Understanding Histograms for Raw Files

Histograms in Digital Photography

We are told that white values are recorded on the right and black on the left with other tones in between. We are also told that any tones beyond the right hand end will be clipped and thus displayed as pure white. Similarly any dark tones beyond the left hand end will be displayed as black. It might also seem reasonable to assume that a tone 1 stop less than the white clipping point will be in the middle of the histogram 50% value. This turns out not to be true because the histograms used in cameras and editing software are not based on linear data values as captured by the camera; they are gamma corrected values.


Gamma Correction

Gamma correction was introduced for all image files as gamma correction was needed for CRT monitors and printers. Raw files are not gamma corrected but retain the original captured linear data (Raw files cannot be directly displayed or printed). It became established that all images (other than Raw files) would be gamma corrected with a value of 2.2. Interestingly modern LCD monitors do not require this so have to degamma to revert the image data to linear. This is not really a problem as it only requires a simple chip and industry is set up to use gamma corrected files now.


Raw Histogram

What does this mean for Raw files when we view a histogram. If again we assume that the far right of the histogram represents white and the clipping point then a tone 1 stop below this will actually be display at the 73% position not 50%. 2 stops down will be at 54%, (even though it is 25% light value), 8 stops will be at 8% and 10 stops at 4%. The reason for this is that you are not seeing the Raw data displayed but a Gamma corrected version of it. In fact it is the same type of display you would have if viewing a JPEG file where the data has been gamma corrected. With the JPEG files, tones that are beyond the white clipping point cannot be recovered; it is possible to make a small recovery when not all of the RGB channels are clipped so a clipped channel may be estimated from an unclipped. In practice this may only buy a very small recovery in some cases. For a Raw file the situation is quite different. The histogram shown in Adobe Raw or Lightroom is displaying a gamma corrected set of data. In fact the display of the image you see and the histogram is based on what the rendered Raw file will produce with the current editing and settings. This makes sense in that you really want to see what you will end up with rather than the starting point. An exposure adjustment can pull in tones which were previously apparently outside the clipping point provided that they were not previousy clipped by the sensor. It is feasible to pull in highlight and shadow detail to cope with images of a much higher dynamic range than is possible for JPEG images. It is important to realise that the exposure adjustment (and other raw editing adjustments) are not crude transformations of the data but the new values are re-calculated using the Bayer algorithm.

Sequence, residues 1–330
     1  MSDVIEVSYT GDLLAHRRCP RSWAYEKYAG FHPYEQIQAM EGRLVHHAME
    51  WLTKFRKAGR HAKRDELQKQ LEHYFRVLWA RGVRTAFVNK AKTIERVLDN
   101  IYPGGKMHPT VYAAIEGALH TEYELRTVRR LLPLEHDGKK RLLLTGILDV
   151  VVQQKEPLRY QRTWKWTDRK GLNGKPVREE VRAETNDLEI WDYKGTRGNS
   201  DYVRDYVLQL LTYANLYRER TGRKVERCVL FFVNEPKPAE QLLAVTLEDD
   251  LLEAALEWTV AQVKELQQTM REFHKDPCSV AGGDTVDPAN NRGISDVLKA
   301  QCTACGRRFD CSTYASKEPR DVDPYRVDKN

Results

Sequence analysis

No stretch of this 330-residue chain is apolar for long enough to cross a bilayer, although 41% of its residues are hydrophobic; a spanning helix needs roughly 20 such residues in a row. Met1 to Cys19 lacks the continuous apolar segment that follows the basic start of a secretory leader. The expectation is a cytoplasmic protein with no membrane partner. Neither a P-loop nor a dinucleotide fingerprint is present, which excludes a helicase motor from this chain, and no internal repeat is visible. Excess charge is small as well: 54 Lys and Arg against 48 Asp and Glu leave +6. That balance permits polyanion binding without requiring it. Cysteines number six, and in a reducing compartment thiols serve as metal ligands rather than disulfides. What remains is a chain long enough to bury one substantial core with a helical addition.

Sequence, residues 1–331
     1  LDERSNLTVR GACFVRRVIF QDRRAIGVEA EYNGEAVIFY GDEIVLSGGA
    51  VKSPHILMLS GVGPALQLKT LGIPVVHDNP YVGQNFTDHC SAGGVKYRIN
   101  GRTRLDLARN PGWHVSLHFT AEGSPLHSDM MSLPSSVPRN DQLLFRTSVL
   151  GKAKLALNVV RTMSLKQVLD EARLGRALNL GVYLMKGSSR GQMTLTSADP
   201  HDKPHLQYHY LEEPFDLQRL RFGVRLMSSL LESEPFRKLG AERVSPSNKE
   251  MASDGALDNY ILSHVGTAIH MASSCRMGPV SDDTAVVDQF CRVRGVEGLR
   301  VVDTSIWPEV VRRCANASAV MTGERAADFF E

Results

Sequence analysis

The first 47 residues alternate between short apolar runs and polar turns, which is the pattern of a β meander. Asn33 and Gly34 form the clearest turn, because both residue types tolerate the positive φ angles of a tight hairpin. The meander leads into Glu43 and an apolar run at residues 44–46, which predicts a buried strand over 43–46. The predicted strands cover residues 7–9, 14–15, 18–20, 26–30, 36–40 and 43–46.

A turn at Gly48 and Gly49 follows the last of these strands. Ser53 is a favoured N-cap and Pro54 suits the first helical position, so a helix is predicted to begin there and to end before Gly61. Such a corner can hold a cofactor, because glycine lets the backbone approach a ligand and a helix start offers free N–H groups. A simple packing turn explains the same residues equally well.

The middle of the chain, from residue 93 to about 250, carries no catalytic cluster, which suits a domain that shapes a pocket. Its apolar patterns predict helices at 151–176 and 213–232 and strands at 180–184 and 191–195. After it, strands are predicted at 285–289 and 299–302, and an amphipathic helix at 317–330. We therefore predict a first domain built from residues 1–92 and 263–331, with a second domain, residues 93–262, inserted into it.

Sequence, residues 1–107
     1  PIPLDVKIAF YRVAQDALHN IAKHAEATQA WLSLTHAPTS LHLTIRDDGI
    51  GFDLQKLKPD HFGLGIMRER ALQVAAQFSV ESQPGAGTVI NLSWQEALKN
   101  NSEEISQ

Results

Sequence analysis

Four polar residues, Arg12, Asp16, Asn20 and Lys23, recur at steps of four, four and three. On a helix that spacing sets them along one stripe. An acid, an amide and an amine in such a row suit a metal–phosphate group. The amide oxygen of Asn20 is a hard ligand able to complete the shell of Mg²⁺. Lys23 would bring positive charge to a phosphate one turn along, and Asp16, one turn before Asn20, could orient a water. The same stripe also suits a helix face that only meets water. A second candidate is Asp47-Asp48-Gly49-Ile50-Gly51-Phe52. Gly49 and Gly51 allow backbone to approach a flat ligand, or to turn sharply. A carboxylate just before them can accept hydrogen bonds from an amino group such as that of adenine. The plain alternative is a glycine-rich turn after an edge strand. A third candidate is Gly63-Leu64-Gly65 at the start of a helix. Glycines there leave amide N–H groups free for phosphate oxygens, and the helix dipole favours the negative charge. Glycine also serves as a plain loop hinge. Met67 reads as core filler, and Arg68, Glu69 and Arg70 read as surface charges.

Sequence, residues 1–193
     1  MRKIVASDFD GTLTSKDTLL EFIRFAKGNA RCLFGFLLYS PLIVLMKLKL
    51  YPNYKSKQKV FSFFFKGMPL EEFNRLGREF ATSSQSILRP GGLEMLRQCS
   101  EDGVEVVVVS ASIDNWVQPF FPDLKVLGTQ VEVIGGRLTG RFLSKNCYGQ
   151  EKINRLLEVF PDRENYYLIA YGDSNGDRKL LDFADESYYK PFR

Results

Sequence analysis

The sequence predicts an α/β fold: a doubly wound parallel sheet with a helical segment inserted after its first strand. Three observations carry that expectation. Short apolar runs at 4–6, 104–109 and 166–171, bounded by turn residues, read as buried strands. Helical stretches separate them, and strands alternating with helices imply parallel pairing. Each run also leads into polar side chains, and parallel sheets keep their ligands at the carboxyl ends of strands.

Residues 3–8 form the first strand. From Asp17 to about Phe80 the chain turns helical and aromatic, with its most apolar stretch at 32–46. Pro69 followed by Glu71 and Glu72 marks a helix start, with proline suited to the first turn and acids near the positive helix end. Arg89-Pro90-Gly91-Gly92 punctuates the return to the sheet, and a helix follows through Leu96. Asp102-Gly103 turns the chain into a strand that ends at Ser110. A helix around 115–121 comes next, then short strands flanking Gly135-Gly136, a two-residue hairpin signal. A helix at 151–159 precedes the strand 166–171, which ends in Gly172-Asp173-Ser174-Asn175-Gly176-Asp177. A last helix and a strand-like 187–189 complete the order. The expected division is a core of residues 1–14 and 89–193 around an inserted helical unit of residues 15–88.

Capture and Histograms

To get the best exposure, it is helpful to know the dynamic range of the scene that we are trying to capture. Assuming that the scene is 7 stops dynamic range, it would be wise to just avoid clipping (apart from any specular highlights possibly) when using JPEG files. This would mean that a few of the darkest shadow details may be lost. The camera histogram can help in determining exposure for JPEG capture. If the capture is in Raw then the sensor dynamic range is probably at least 11 stops so you have about 4 stops spare and could thus make as much as +/- 2 stops error in exposure and still correct in the Raw editor. While I would not advocate sloppy exposure settings, it is useful to know that you do not have to be spot on. The histogram on your camera will show you values based on the JPEG image which is embedded in your Raw file but not the actual Raw data so is this of any use? I would suggest that it is still a rough guide but just because the histogram shows some clipping, it no longer follows that the Raw data is clipped. If you were capturing a scene of 11 stops dynamic range then this suggests that you do need to achieve accurate exposure settings on the camera and the histogram is only a very rough guide. I personally use exposure settings based on previous long experience (including film) but if I estimate the scene is close to the sensor dynamic range (about 11 stops), I use bracketing (and HDR processing in more extreme cases).